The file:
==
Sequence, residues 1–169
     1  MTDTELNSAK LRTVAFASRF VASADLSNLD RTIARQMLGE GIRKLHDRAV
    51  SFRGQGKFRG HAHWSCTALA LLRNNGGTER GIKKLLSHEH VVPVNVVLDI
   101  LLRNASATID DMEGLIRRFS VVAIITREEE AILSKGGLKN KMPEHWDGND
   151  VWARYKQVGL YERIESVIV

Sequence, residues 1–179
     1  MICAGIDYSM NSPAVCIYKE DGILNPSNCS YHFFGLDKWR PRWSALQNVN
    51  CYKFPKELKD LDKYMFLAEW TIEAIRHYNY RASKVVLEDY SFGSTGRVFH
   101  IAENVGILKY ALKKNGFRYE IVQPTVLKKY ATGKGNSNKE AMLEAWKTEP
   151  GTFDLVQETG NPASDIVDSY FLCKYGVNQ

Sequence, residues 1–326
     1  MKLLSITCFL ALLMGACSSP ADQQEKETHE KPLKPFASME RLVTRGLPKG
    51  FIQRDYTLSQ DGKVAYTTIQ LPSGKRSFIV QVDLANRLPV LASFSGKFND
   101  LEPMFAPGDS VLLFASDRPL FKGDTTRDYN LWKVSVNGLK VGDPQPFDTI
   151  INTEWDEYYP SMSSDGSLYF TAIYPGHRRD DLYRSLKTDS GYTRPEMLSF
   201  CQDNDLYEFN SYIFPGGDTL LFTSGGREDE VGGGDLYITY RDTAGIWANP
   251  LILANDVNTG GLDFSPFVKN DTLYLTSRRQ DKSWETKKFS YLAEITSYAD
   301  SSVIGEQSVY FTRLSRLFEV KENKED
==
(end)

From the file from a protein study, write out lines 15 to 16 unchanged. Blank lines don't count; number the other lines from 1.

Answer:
   151  INTEWDEYYP SMSSDGSLYF TAIYPGHRRD DLYRSLKTDS GYTRPEMLSF
   201  CQDNDLYEFN SYIFPGGDTL LFTSGGREDE VGGGDLYITY RDTAGIWANP